Samsung has announced the availability of two image sensors designed for smartphone cameras, one cramming 48Mpixels on the sensors, the other 64Mpixels. Both have a pixel size of 0.8µm, hence the 64Mpixels sensor is a bit larger in size than its sibling.
The small size of the pixel is bound to make noise noticeable in low light (having a small size to capture incoming photons means that in low light very few photons will end up on the pixel hence the signal to noise ratio will go up). This would result in poor images. To avoid this Samsung engineers have designed the sensor in such a way that when the light is below a certain thresholds the electronic circuit managing the pixel will use 4 pixels and merge them into one. This will reduce the resolution by 4 (from 48 to 12 Mpixels and from 64 to 16Mpixels respectively). This will bring the sensor resolution au pair with the sensors in today’s top of the line smartphones.
At the same time, when photographing in daylight the circuit will pick up data from each individual pixel, thus delivering the maximum resolution.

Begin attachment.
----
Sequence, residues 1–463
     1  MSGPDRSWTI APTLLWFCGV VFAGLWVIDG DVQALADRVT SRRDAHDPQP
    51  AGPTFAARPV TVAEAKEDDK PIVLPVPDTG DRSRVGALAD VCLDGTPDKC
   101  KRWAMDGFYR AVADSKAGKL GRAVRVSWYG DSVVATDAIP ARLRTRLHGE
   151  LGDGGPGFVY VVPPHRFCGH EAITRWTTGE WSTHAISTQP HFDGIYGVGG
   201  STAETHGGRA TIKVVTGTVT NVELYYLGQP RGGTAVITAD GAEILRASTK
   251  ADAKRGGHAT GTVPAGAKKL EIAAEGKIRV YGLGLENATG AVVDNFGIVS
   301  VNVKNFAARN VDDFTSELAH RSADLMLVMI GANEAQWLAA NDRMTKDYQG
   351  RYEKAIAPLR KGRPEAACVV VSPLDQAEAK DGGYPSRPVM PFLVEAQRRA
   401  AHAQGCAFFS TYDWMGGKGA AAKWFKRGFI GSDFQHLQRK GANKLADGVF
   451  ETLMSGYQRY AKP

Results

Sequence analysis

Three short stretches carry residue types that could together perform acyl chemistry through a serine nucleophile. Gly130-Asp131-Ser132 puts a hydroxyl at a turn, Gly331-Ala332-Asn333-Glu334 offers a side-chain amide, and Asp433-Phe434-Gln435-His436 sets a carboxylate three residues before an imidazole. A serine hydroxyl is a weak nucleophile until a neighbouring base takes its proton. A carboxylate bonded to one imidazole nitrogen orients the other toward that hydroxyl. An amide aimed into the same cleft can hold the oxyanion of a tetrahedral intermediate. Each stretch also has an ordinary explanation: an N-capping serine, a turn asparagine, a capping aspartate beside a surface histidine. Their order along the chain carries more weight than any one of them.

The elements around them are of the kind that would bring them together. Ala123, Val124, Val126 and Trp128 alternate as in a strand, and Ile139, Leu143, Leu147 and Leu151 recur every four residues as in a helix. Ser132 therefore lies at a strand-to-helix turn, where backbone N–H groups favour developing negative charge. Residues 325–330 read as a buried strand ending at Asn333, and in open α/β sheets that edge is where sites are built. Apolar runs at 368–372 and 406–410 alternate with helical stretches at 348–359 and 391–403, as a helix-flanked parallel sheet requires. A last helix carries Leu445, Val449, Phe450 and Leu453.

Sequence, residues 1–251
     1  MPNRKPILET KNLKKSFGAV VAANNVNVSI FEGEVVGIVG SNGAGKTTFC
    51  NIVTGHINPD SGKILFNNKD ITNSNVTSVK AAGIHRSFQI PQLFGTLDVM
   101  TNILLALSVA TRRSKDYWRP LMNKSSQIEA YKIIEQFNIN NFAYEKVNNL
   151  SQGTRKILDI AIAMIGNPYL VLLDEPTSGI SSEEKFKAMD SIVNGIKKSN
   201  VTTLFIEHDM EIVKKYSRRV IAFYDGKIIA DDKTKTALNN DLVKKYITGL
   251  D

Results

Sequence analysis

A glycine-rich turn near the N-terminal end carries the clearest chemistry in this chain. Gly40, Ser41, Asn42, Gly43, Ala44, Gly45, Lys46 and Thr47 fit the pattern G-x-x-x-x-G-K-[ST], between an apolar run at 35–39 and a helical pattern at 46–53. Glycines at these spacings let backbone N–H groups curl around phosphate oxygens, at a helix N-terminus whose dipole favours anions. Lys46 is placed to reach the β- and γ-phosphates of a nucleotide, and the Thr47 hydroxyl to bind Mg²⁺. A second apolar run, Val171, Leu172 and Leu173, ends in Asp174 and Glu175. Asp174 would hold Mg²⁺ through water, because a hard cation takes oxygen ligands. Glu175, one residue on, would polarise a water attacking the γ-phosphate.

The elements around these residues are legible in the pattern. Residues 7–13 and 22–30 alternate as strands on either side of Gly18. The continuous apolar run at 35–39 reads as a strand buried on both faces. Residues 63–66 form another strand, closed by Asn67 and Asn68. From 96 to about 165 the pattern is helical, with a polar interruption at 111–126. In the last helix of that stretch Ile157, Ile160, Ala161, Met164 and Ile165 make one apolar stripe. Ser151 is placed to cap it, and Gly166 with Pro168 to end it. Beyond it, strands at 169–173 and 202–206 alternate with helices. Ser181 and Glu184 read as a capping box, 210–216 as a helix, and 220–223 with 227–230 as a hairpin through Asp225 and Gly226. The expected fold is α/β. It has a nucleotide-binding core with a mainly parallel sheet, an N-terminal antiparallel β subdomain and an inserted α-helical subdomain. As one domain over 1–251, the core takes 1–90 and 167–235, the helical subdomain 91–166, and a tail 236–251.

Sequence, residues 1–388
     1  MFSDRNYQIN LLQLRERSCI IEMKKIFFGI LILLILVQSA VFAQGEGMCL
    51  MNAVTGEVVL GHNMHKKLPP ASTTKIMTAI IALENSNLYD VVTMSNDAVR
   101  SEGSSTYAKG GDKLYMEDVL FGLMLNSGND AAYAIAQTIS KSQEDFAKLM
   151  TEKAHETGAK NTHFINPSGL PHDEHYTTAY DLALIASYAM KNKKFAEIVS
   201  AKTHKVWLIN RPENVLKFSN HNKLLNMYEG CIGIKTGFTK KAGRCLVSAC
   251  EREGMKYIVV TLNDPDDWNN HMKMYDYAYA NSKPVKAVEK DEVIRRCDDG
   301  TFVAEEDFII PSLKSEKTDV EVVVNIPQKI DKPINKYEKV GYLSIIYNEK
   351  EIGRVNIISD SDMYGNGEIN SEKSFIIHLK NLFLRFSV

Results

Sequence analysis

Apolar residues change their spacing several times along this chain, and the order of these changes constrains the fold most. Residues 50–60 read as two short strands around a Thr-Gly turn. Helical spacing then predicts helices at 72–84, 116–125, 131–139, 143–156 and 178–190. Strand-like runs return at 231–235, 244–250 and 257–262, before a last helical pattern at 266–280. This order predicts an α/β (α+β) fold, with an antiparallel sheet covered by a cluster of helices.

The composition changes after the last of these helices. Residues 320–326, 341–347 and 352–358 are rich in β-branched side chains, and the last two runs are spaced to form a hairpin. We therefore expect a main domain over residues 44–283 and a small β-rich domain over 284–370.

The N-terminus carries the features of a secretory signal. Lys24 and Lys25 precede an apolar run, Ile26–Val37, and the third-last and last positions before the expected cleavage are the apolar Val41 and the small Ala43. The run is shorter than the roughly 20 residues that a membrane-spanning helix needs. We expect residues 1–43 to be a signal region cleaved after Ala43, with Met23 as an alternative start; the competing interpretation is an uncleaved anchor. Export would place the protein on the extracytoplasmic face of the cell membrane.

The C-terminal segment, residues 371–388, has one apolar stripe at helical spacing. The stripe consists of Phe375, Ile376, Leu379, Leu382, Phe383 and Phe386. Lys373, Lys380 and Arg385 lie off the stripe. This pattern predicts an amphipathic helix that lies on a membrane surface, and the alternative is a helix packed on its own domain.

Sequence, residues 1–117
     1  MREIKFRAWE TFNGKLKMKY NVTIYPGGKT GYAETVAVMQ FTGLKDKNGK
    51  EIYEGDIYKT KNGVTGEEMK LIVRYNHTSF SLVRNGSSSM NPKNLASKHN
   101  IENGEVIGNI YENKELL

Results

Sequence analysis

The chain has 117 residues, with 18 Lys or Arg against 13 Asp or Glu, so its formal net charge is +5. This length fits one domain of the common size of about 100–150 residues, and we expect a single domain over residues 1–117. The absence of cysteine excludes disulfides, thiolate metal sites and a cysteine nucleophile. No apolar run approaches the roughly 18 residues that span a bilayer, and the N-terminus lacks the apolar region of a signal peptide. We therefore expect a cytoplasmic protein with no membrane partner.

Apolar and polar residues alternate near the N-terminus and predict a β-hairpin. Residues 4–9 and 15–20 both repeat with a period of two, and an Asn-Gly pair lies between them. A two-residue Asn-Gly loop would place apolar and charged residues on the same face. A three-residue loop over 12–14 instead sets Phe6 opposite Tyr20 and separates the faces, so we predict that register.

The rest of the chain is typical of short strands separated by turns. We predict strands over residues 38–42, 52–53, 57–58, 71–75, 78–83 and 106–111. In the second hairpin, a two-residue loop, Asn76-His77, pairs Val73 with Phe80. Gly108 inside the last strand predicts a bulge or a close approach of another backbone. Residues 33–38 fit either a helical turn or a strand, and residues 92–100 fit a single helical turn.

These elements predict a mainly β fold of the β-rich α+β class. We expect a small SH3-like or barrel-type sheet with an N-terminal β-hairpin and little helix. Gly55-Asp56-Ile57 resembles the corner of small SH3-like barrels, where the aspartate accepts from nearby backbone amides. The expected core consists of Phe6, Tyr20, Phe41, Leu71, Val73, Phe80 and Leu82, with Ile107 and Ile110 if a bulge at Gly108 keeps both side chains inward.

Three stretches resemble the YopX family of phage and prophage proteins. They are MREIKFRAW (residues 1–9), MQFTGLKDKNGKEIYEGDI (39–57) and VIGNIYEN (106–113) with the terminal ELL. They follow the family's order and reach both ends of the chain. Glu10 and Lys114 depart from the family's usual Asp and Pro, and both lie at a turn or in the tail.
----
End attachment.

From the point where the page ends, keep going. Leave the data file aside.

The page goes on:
Ingenious, isn’t it?
The question is: what can I do with so much resolution? For one you can have a zooming capability that can transform your lens into a tele, still keeping a sufficiently high resolution to make photos that can be printed on a big sheet. For another, applications can do tricks on the data captured by the sensor, like improving the image stability or extending its exposure latitude (HDR) by using nearby pixels in different ways. This results in lower resolution but since you are starting with a very big resolution the smaller one will still be quite good.
Nice to see the ingenuity of researchers, finding ways to go around physical limitation that seemed unsurmountable just few years ago!